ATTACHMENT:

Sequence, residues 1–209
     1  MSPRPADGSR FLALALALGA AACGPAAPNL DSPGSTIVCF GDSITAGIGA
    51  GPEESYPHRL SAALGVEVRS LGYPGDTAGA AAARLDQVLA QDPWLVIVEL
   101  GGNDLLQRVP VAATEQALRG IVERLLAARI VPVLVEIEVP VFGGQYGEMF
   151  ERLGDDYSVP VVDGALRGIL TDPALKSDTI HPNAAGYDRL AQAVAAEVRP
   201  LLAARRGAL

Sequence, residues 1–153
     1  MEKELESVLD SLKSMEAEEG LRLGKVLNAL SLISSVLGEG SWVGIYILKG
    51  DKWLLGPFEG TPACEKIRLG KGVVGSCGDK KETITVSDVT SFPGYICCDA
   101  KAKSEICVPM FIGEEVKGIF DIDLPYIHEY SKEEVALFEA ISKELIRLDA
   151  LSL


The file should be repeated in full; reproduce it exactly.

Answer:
Sequence, residues 1–209
     1  MSPRPADGSR FLALALALGA AACGPAAPNL DSPGSTIVCF GDSITAGIGA
    51  GPEESYPHRL SAALGVEVRS LGYPGDTAGA AAARLDQVLA QDPWLVIVEL
   101  GGNDLLQRVP VAATEQALRG IVERLLAARI VPVLVEIEVP VFGGQYGEMF
   151  ERLGDDYSVP VVDGALRGIL TDPALKSDTI HPNAAGYDRL AQAVAAEVRP
   201  LLAARRGAL

Sequence, residues 1–153
     1  MEKELESVLD SLKSMEAEEG LRLGKVLNAL SLISSVLGEG SWVGIYILKG
    51  DKWLLGPFEG TPACEKIRLG KGVVGSCGDK KETITVSDVT SFPGYICCDA
   101  KAKSEICVPM FIGEEVKGIF DIDLPYIHEY SKEEVALFEA ISKELIRLDA
   151  LSL